Radiation is the transmission of energy through space or a medium. The transmission is in the form of waves or particles. Some radiation is naturally created, while others are artificially made.
There are two types of radiation depending on how they affect other atoms and molecules.
Non-ionizing radiation: This is the type of radiation that human beings are regularly exposed to. The radiation is not strong enough to affect atoms and molecules in the body.
Types of non-ionizing radiation
Ionizing radiation - This radiation is strong enough to ionize atoms and molecules. Ionization is the process of removing an electron from an atom and making it positively charged. Ionization causes electron/proton imbalance in the atoms, and this affects the cells in the body.
|Types of ionizing radiation|
|Alpha radiation||It consists of two protons and two neutrons. It cannot penetrate past the outer skin and causes no damage|
|Beta Radiation||It consists of fast-moving electrons. It can penetrate the outer skin and is used to treat superficial tumors.|
|Gamma Radiation||It consists of protons that have neither electric charge nor mass. As a result, the radiation penetrates through the skin and leads to cell damage.|
|X-rays||X-rays are man-made electromagnetic radiation. X-rays are similar to gamma rays and can penetrate the human body.|
|Neutron radiation||It consists of free neutrons produced in large numbers due to nuclear fission or fusion reactions.|
There are two categories of ionizing radiation sources - natural and artificial.
Natural Sources Of Ionizing Radiation
According to the United Nations Scientific Committee on the Effects of Atomic Radiation (UNSCEAR), there are four natural sources of ionizing radiation.
Artificial Sources Of Ionizing Radiation
Radiation exposure can cause breast cancer in different ways.
Researchers studied the effect of radiation exposure on Japanese women who survived the atomic bombing of 1945. The study identified 807 first-time breast cancer cases and 20 second-time breast cancer cases in the survivors. The study reported the following:
Mammography is a diagnostic procedure that uses X-rays to check for breast cancers. In a diagnostic mammogram, a minimum of two X-ray films of the breasts is taken at two different angles. On average, the dose of radiation for these two pictures is 0.42 mSv (millisieverts). Dosage is the amount of ionization that occurs due to radiation exposure.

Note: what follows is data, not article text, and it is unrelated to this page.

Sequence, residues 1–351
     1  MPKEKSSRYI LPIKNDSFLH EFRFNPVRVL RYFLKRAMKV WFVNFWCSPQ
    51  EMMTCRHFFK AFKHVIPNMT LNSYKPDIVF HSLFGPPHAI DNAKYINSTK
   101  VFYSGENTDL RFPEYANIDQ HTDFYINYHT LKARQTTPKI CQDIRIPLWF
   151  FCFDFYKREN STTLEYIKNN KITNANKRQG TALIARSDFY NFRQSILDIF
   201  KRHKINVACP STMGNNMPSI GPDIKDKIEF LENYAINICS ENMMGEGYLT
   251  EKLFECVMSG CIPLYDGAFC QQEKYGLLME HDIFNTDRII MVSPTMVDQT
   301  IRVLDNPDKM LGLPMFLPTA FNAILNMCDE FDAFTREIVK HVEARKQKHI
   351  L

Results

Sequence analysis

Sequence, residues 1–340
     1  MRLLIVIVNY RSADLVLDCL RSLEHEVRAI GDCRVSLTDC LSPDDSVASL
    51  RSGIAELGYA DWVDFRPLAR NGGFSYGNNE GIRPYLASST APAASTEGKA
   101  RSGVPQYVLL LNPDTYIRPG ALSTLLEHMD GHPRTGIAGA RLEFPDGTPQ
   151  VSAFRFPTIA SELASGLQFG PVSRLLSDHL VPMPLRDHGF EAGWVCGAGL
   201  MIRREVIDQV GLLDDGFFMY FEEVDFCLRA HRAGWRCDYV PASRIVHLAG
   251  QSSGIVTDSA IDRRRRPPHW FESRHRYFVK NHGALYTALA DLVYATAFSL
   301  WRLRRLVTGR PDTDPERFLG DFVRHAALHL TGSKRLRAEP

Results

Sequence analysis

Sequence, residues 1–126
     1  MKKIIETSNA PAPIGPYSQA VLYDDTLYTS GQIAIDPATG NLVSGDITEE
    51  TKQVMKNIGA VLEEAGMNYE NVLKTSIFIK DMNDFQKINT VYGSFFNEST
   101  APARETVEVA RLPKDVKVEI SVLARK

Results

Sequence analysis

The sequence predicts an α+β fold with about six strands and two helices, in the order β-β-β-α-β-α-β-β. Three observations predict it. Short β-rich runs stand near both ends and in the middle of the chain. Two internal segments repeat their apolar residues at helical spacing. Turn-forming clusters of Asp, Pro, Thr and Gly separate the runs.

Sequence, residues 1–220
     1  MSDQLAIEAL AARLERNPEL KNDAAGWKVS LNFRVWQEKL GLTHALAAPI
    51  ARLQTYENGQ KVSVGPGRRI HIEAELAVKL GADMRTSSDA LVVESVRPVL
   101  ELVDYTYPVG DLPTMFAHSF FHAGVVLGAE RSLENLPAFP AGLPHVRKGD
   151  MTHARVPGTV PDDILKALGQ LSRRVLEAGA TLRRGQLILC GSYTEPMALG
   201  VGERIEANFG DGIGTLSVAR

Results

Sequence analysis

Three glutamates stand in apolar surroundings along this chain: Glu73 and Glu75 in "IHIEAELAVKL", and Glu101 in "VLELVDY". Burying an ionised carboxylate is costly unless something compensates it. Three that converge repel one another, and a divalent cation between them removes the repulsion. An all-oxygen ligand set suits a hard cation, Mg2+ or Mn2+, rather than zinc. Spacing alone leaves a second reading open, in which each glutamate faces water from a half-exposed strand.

According to the National Breast Cancer Foundation, women over 40 years are advised to get their annual mammographic screening done. In addition, doctors may recommend more frequent screening in the following cases.
According to a study, women with large, dense breasts who undergo repeated mammography may be at higher risk for radiation-induced breast cancer and breast cancer death.
The researchers projected that "annual digital mammographic screening of 100,000 women (aged 40 to 74) would induce 125 cases (~0.1%) of breast cancer, and that there would be 16 deaths (0.016%)."
However, this number appears to be almost negligent when compared to the 968 breast cancer deaths (9.7%) that would have been averted by early detection from screening.
The H19 gene helps produce a molecule called the non-coding RNA. The non-coding RNA is considered to be a tumor suppressor and is protective against different kinds of cancers. Certain changes in this gene can encourage the growth and multiplication of radiation-damaged cells. This can lead to tumors.
rs2107425 is a single nucleotide polymorphism or SNP in the H19 gene. A particular study reports that people with the A allele of this SNP, are at a higher risk for developing breast cancer when exposed to high doses of radiation.
The ERCC2 gene helps make a protein called XPD (Xeroderma Pigmentosum complementation group D). It plays a role in repairing damaged DNA.
rs13181 is an SNP in the ERCC2 gene. In people with the wild AA genotype of this SNP, there is an association between occupational radiation exposure and breast cancer.
However, this association is not seen in the AC and CC genotypes.
|AA||Association between occupational radiation exposure and breast cancer|
|AC||No association between occupational radiation exposure and breast cancer|
|CC||No association between occupational radiation exposure and breast cancer|
Studies show that women under 20 are at the highest risk for developing breast cancer due to radiation exposure. According to these studies, women above 50 years have minimal or no recorded risk for radiation-induced breast cancer.
Few women may have undergone radiation therapy in the past, increasing the risk of breast cancer. Some women who are in the high-risk category include:
The periods of pregnancy bring down the risk of radiation-induced breast cancer. Women who have an early full-term pregnancy are more protected against breast cancer.
According to some studies, during pregnancy and breastfeeding, the number of weak breast cells affected by radiation is lesser, bringing down breast cancer risk.
Family history affects the relationship between radiation exposure and breast cancer. The Family history affects the relationship between radiation exposure and breast cancer. The BRCA1 and BRCA2 gene changes lead to inherited breast cancer.
Women with changes in these genes are already at a higher risk of developing breast cancer. Radiation exposure can increase the risk.